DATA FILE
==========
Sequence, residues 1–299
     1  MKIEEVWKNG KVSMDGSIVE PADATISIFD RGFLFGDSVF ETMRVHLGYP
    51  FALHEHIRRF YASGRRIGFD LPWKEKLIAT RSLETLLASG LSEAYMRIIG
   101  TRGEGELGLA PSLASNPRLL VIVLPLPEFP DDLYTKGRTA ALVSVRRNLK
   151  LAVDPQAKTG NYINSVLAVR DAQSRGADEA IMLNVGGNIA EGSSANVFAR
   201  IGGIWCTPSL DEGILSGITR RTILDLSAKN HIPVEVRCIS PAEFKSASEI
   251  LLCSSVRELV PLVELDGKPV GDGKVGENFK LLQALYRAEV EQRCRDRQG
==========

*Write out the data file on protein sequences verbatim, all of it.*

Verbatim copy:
Sequence, residues 1–299
     1  MKIEEVWKNG KVSMDGSIVE PADATISIFD RGFLFGDSVF ETMRVHLGYP
    51  FALHEHIRRF YASGRRIGFD LPWKEKLIAT RSLETLLASG LSEAYMRIIG
   101  TRGEGELGLA PSLASNPRLL VIVLPLPEFP DDLYTKGRTA ALVSVRRNLK
   151  LAVDPQAKTG NYINSVLAVR DAQSRGADEA IMLNVGGNIA EGSSANVFAR
   201  IGGIWCTPSL DEGILSGITR RTILDLSAKN HIPVEVRCIS PAEFKSASEI
   251  LLCSSVRELV PLVELDGKPV GDGKVGENFK LLQALYRAEV EQRCRDRQG